Skip to Content

Shaping the AI revolution

Restructuring MIT to prepare for—and help define—the future of computing.

December 19, 2018
Simon Simard

With October’s announcement of the MIT Stephen A. Schwarzman College of Computing, the Institute committed itself to a serious restructuring—the most profound since the early 1950s. As the pervasiveness of computing and the rise of AI are reshaping society as a whole, concerns about the societal impact and ethical use of these technologies are increasing as well. Indeed, the fact that other leading universities have begun to announce their own moves in this domain reinforces the importance of priming MIT to educate students for leadership in the computing-intensive future.

In this changing landscape, the MIT Schwarzman College stands out in several ways, starting with its transformative scale. This $1 billion effort, given immense momentum by the $350 million founding gift, represents the largest concerted investment in computing and AI by an American academic institution.

Just as important, MIT Schwarzman will function as a distinctively cross-­cutting academic entity. Since the creation of MIT Sloan and the precursor of SHASS nearly 70 years ago, MIT has thrived with its five schools—academic neighbors with their own specialties that freely share ideas across disciplines. Yet the concept of the new college goes further. We are not merely adding 50 faculty; we are adding 25 faculty in computing fields and 25 with joint appointments in both the college and their respective disciplines. And while we expect the college to accelerate the adoption of AI tools in many other fields, it will also tap their wisdom to influence the future of computing.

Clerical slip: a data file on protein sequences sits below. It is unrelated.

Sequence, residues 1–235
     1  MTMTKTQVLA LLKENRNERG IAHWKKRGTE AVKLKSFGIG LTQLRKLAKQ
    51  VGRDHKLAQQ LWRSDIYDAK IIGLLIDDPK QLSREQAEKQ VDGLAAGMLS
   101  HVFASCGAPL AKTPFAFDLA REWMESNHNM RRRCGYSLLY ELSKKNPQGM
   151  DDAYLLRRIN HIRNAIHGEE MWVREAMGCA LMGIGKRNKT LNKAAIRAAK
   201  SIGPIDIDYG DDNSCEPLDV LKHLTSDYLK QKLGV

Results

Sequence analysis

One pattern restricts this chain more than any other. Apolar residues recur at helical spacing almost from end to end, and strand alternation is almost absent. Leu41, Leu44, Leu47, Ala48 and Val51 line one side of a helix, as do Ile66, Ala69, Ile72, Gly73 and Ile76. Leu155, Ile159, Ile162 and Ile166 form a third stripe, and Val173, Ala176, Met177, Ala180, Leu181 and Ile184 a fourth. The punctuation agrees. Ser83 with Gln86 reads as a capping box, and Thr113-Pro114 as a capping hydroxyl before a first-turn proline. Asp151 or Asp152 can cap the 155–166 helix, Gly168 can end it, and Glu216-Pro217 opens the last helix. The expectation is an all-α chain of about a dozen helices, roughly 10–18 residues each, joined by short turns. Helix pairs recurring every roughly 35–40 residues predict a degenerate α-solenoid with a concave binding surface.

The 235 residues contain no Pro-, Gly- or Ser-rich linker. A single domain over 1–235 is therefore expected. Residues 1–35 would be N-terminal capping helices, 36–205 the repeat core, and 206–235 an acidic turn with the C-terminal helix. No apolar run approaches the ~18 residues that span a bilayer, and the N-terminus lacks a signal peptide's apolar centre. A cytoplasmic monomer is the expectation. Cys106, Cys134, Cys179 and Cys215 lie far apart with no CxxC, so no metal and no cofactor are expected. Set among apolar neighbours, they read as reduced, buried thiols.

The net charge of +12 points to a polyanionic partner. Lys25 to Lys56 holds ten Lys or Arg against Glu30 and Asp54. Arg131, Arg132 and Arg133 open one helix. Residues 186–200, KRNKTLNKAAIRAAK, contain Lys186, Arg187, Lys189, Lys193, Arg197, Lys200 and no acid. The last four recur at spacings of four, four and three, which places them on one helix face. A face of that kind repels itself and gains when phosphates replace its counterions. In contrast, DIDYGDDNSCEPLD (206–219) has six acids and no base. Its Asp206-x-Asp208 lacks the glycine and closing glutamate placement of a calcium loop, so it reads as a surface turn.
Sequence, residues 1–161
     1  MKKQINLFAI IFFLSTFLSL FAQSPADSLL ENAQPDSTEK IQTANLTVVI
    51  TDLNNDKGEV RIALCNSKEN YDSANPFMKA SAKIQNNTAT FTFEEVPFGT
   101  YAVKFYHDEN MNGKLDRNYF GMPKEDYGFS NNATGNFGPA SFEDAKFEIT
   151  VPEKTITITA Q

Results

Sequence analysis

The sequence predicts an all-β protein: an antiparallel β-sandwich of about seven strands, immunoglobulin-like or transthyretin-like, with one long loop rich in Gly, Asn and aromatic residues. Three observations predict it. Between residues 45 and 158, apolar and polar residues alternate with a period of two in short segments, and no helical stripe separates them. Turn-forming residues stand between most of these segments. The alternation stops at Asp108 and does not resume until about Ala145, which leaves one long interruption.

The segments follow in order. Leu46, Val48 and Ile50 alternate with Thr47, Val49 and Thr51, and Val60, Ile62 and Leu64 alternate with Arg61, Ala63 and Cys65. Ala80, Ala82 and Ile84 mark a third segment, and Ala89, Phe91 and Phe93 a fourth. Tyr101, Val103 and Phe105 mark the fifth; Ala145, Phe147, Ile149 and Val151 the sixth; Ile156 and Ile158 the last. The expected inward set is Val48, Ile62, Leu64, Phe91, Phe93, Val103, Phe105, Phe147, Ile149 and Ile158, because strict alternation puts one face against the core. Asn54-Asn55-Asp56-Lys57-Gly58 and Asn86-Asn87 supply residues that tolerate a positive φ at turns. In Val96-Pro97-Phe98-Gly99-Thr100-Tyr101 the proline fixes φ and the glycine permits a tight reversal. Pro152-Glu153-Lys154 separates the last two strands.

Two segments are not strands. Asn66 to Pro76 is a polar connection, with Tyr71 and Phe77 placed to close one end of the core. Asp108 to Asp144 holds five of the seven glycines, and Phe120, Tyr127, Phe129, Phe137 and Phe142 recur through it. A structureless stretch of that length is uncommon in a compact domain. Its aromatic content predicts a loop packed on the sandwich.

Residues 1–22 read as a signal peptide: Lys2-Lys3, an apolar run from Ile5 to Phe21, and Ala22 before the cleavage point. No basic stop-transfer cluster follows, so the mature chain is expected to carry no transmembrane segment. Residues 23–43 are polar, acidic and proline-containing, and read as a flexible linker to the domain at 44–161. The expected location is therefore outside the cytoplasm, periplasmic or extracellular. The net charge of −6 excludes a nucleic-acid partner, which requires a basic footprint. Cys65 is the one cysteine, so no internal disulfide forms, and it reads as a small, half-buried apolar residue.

To this distinctive foundation we add an intense concern about advancing the research on these technologies and educating students on their ethical use and how they can be developed deliberately to serve the good of all.

Before and since the announcement, we have sought and received input from across the MIT community, through avenues including forums for alumni, students, faculty, and staff. (You can find answers to common questions at

Some have asked why we announced the college when key questions about its function are still being answered. In part, we felt the need to move swiftly in the race for talent. But above all, we purposely shared the idea while the clay was still wet, so that the college’s final shape would reflect the wisdom of the whole community. I look forward to seeing it take shape in the months to come.